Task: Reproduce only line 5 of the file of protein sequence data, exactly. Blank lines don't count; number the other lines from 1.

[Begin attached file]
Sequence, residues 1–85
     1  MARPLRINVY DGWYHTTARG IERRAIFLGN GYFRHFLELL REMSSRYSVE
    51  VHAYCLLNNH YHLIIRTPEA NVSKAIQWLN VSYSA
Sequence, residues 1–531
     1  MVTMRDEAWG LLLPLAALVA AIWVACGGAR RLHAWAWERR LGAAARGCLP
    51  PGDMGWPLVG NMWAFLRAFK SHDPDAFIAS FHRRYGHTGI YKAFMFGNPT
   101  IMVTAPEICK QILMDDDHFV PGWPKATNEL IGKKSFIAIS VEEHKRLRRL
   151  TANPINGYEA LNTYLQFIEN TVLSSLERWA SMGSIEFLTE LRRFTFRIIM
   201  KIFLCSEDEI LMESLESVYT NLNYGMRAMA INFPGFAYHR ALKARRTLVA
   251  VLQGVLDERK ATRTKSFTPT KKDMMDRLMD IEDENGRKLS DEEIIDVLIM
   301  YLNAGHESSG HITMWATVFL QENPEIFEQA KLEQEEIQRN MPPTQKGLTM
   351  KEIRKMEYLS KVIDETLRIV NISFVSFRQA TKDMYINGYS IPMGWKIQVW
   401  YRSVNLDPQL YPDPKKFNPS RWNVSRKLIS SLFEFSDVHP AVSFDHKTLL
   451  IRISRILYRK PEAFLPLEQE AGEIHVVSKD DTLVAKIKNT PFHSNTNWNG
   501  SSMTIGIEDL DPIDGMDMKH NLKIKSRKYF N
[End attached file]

     1  MVTMRDEAWG LLLPLAALVA AIWVACGGAR RLHAWAWERR LGAAARGCLP